They are unable to share for their own sanity’s sake.
As WWII combat survivors (a.k.a., now collectively known as “vets”) would bravely crack open their bottled abominations to talk about “it” with me, I will venture to blurt that possibly – just possibly – they feel unbearable guilt and shame for what they saw…or did…or did NOT do… but that they survived to talk about “it”.
But their buddies didn’t.
(Note: World War II is the focus of this story. WWII was a cataclysm of never to be matched magnitude again. There was wanton destruction of entire cities and civilians. Inflicting casualties on the enemy was expected and accepted by the majority. This is not to downplay Korea, Viet Nam or our current war on terrorism. There are different rules of engagement now with much different social expectations by the “good guys”.)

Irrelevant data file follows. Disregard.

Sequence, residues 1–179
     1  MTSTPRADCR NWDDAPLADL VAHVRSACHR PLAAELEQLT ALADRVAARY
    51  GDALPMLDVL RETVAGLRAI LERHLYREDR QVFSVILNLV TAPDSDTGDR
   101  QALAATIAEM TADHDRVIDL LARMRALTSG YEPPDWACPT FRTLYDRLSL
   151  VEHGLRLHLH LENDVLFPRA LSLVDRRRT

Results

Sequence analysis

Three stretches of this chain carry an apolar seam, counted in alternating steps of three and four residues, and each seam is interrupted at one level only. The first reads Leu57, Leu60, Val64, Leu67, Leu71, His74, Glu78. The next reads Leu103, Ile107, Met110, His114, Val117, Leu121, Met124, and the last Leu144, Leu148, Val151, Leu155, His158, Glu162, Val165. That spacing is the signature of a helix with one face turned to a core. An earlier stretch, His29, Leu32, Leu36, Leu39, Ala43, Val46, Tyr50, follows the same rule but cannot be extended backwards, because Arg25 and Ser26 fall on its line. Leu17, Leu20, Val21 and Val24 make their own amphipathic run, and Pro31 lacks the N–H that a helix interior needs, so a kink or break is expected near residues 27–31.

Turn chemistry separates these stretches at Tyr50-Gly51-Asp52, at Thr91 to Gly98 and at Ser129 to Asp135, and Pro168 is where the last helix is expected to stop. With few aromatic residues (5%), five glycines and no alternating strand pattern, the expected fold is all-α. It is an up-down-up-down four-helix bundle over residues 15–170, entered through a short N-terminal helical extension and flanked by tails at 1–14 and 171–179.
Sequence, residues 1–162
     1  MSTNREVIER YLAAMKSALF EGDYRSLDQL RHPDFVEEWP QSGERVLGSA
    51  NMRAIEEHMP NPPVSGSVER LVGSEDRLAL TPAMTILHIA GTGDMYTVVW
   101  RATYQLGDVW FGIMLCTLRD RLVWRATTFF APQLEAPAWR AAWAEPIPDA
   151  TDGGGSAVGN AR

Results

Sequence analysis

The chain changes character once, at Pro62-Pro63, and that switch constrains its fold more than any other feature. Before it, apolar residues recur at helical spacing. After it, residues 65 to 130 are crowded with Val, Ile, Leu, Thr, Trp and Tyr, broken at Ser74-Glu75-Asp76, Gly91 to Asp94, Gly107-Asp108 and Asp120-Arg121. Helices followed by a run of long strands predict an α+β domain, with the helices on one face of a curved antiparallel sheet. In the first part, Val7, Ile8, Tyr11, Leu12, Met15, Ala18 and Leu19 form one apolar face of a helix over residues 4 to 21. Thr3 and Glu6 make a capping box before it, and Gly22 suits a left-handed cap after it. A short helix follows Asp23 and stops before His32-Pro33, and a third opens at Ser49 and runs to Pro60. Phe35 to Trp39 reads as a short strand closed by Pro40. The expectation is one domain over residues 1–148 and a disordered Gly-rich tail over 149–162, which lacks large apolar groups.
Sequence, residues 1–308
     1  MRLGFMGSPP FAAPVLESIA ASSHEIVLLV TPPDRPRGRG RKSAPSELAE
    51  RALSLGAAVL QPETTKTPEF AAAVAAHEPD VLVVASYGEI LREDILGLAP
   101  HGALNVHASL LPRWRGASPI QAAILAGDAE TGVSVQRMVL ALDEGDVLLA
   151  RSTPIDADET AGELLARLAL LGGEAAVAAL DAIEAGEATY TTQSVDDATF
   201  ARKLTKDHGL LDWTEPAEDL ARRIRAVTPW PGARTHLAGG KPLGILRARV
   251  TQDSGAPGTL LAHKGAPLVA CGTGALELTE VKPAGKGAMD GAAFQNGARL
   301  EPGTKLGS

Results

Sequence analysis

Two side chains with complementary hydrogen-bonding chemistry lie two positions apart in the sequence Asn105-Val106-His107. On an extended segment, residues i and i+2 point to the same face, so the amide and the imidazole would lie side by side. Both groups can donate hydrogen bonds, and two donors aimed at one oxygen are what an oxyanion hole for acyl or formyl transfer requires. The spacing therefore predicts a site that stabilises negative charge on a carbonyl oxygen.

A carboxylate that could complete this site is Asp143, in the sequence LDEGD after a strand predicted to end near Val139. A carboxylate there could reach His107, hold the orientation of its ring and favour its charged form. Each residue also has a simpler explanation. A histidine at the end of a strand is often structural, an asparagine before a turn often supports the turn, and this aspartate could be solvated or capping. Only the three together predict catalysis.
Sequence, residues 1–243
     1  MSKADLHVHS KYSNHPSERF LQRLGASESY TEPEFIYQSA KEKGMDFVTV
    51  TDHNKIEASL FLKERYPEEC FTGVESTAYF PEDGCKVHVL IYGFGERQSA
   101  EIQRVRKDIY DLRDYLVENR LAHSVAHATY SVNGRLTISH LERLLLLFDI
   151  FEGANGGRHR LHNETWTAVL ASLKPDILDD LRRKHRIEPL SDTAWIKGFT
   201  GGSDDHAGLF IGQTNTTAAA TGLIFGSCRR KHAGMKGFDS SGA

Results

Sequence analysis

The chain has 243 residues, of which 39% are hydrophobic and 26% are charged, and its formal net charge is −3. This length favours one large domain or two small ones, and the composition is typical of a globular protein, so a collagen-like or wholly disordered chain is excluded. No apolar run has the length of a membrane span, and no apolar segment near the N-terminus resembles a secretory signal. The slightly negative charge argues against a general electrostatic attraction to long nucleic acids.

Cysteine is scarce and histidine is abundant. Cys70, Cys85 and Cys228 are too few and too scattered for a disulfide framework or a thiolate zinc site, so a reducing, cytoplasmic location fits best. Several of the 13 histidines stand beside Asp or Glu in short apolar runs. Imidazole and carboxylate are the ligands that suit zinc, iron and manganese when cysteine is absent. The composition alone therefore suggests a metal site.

Perhaps you will let me take a chance with trying to bring to light some of the “it” things you may or may not know… If you can at least read about the combat experience, perhaps it will help YOU appreciate Memorial Day even more… and of those that are not with us today.
I’ve collected these personal observations, comments and facts from talking with several bona fide WWII combat vets and just plain reading. Nothing scientific, of course.
So here goes:
Nearing death, as grievously wounded young men take their last gasps, the most often said word was, “Mama”.
Under fire, many would curl up into a fetal position shaking uncontrollably while their buddies would somehow raise their weapons to shoot back… only to get showered with their blood and brains as a enemy round obliterated his buddy’s head. It is not about cowardice. It is FEAR.
About 25% of them peed in their pants. About 10% shit in their pants. (Old Man Jack did both…and he was not ashamed to say so. Ergo, his quote from Two Old Men and a Father’s Day Anguish: “If you got killed with shit in your pants, you got buried with shit in your pants.”)